Portuguese Pointer puppies age 1 to 2 months need at least 1/2 to 1 ½ cups of dog food per day. Four to 5-month-old Portuguese Pointer puppies should eat 1 ½ to 2 ¾ cups of dog food each day. Give 1 1/8 to 2 1/3 cups of dog food every day to puppies age 6 to 8 months.

Once they reach 9 to 11 months, feed them 2 to 3 cups of dog food daily. Divide each meal into 3 smaller portions for easier digestion. Adult Portuguese Pointers must also have 2 to 3 cups of dog food every day. Their portions should be split into 2 smaller servings to prevent overeating.


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Health and Exercise

Health

How long does a Portuguese Pointer live?

The Portuguese Pointer can live for 12 to 14 years provided that he receives proper care and attention. The best way to prolong your dog’s life is by consistently providing for his daily needs. Be sure to give him well-balanced meals, proper grooming, regular exercise, and a stress-free home environment. 

What are the common health problems in Portuguese Pointers?

The Portuguese Pointer is a healthy breed with no records of breed-specific health problems. However, he can still develop certain diseases which are prevalent health issues in most dogs. These include:

To protect your Portuguese Pointer from diseases, let him undergo all necessary health checks for his breed. Regular check-ups play a big role in keeping him in good shape as well. Aside from being up to date with his health, you can also get handy tips and advice from the vet on how to keep your dog in good shape.

Exercise

How much exercise does a Portuguese Pointer need?

The Portuguese Pointer has moderate energy levels. He needs around 75 minutes of exercise and mental stimulation. If these needs are not met, the Portuguese Pointer will find ways to entertain himself. It can lead to unwanted behaviours including improper elimination, destruction of furniture, and excessive barking and digging.

Going for a walk or jog is a simple way to burn out his excess energy. Playing brain-teaser games such as obstacle course, hide-and-seek, and finding the treats will keep his mind sharp and active.

You may also let your Portuguese Pointer run off-lead in your backyard if you have one. Just be sure to check that the fences are safe and secure first. This is to prevent the risk of your dog from escaping and roaming around your neighbourhood unsupervised.


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Cost of Ownership

How much does a Portuguese Pointer cost?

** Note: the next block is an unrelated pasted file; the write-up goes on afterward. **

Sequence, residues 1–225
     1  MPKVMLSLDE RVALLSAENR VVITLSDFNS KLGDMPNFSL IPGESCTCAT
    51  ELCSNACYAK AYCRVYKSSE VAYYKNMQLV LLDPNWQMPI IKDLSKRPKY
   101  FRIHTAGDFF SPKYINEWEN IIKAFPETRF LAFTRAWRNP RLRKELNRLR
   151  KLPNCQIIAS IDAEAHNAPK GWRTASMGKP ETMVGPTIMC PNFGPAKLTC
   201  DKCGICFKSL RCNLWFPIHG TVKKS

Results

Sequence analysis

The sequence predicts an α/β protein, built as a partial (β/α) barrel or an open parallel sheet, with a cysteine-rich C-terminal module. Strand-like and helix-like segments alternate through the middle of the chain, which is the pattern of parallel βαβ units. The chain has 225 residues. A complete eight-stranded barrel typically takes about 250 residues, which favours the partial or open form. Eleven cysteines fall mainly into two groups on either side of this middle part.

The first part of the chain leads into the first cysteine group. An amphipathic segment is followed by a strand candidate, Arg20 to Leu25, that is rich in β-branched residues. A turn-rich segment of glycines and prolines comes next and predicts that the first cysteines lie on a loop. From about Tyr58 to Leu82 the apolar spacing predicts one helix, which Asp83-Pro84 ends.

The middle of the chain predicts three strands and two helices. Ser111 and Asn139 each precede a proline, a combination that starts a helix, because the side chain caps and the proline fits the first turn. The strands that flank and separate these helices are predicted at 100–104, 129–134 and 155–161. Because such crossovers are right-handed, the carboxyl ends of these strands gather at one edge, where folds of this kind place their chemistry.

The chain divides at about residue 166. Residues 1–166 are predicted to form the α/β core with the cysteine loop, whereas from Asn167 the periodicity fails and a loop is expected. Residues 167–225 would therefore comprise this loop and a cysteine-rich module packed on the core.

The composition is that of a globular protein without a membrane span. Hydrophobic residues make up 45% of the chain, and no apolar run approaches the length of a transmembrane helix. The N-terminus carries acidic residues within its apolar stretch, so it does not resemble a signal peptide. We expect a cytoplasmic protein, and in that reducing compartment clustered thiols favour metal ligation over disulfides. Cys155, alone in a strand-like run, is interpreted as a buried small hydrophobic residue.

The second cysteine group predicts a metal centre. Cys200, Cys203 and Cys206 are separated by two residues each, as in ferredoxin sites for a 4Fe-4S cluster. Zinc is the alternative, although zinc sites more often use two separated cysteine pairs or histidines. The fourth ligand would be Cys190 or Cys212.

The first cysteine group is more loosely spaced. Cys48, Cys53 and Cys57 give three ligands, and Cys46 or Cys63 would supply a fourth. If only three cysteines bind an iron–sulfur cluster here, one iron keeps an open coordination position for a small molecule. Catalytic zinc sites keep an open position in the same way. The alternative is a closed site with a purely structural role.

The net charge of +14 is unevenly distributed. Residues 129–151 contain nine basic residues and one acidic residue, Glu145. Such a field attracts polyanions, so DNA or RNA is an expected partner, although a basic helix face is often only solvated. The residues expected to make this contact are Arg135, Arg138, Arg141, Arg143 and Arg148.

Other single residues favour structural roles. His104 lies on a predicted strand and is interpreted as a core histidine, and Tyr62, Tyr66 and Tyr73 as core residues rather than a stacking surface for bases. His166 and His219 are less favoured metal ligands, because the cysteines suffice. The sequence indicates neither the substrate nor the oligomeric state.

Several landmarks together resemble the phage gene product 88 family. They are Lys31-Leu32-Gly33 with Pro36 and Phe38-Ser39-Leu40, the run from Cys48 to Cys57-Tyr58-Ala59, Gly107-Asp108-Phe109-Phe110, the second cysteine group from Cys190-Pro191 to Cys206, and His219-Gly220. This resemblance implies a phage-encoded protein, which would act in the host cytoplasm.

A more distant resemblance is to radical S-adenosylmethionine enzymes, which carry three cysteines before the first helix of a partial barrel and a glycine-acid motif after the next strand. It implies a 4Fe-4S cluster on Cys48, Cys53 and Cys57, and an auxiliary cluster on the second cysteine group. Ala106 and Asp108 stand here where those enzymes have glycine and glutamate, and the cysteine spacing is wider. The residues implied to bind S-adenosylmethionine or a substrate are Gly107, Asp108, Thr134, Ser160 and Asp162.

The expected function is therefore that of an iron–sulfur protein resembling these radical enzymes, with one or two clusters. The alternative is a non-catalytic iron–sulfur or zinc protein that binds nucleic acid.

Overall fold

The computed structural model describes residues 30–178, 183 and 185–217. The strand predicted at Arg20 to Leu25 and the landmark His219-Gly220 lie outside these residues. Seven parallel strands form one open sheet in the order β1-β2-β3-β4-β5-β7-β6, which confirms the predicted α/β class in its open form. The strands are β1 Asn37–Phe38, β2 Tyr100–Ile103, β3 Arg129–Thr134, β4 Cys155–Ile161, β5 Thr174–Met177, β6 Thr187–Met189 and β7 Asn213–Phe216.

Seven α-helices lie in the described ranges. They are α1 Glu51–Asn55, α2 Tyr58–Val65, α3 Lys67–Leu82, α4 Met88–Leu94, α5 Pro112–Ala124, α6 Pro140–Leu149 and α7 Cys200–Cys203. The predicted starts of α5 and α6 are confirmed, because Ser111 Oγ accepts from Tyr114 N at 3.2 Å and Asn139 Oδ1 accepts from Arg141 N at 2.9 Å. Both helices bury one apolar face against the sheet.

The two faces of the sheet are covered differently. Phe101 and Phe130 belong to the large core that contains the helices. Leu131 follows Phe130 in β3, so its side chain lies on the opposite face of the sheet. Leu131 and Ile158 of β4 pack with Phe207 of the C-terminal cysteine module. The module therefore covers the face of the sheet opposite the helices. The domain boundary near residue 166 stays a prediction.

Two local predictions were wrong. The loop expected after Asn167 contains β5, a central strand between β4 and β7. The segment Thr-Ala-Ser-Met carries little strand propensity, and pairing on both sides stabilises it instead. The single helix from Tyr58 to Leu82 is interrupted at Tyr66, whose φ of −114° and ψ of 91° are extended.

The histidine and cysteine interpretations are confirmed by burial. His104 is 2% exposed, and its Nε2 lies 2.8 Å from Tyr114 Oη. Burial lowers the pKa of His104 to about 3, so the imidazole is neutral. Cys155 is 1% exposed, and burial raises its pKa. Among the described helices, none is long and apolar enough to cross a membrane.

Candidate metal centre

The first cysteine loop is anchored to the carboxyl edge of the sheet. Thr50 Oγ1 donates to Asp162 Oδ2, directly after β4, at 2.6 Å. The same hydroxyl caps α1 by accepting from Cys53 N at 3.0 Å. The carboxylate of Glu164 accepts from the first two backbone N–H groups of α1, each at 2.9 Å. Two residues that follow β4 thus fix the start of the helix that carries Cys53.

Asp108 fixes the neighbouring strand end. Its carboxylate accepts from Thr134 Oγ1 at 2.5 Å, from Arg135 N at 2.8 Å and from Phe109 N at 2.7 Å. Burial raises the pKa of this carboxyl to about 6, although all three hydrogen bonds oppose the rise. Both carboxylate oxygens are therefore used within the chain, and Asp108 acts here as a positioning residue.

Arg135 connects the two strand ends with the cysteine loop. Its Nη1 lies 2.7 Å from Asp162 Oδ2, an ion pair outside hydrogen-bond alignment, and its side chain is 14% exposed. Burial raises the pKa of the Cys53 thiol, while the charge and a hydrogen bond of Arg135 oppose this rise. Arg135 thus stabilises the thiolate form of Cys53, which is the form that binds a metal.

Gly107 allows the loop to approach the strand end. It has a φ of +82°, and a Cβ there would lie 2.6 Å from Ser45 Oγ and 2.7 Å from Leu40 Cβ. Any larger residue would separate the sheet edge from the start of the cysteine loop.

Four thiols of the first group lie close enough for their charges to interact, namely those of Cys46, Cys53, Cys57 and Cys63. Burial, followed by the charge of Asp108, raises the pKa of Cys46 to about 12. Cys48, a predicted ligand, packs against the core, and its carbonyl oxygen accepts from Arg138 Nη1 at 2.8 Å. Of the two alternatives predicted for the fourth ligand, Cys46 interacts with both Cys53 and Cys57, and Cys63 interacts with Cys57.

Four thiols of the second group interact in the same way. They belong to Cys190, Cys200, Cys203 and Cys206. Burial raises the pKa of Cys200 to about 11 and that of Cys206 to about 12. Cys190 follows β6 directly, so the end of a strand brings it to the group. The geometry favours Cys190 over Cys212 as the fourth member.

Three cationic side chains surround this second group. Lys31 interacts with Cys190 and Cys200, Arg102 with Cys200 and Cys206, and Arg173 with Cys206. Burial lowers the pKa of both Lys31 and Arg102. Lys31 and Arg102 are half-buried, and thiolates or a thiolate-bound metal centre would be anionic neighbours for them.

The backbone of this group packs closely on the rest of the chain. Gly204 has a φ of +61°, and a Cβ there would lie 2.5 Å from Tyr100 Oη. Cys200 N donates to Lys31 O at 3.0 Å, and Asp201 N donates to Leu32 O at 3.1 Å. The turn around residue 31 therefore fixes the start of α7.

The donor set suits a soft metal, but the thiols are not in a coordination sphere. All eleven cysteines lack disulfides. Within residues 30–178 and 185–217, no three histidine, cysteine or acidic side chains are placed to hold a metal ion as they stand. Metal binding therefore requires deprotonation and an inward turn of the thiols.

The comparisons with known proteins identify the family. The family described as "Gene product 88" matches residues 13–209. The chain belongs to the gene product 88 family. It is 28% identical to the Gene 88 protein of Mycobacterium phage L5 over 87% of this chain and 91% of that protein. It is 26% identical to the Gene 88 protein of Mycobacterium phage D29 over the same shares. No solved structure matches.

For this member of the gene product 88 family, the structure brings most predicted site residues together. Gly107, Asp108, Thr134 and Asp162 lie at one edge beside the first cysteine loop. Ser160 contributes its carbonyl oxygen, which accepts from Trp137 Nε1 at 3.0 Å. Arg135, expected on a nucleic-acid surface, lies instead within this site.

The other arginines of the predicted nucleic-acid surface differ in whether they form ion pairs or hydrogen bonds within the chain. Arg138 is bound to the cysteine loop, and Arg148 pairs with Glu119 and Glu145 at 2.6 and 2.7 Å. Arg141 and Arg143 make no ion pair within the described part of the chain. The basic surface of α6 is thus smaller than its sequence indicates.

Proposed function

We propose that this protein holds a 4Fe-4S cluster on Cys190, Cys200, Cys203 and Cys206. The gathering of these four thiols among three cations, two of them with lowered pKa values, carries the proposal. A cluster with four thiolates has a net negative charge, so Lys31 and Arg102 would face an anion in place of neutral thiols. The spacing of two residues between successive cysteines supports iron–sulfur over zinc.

The Portuguese Pointer price is anywhere from £650 to £800. Expect to pay a little bit more for a well-bred pedigree Portuguese Pointer puppy from a KC-registered breeder. On top of the purchase price, you have to spend £200 to £400 for essential items such as leashes, collars, beds, crates, toys, and grooming products.

Set aside £40 to £50 for a high-quality dog food that meets the nutritional requirements of your Portuguese Pointer.

Vet check-ups, vaccinations, boosters, and preventive care will cost you over £1,000 per year. To cover unexpected health-related expenses, you can get pet insurance for your Pointer.

The insurance premium depends on several factors including location, dog’s age, and health condition, among other things. Depending on the type of coverage you choose, the monthly pet insurance premium is anywhere from £25 to £60.


Portuguese Pointer Breed Highlights

  • The Portuguese Pointer is an extremely affectionate dog, especially to his family.
  • He is a low maintenance dog.
  • He is friendly towards children, other people, and pets with the help of proper socialisation.
  • He loves to please his owner and responds very well to firm but gentle and consistent training.
  • He is a moderately active dog.

Fun Facts

Experts believe that the Portuguese Pointer played a vital role in the creation of various European pointer dogs and gun dogs.

Portuguese Pointer

Are you sure the Portuguese Pointer is the best breed for you? Take the Pet Breed Selector Quiz to find your perfect breed match.

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Disclaimer:
The information, including measurements, prices and other estimates, on this page is provided for general reference purposes only.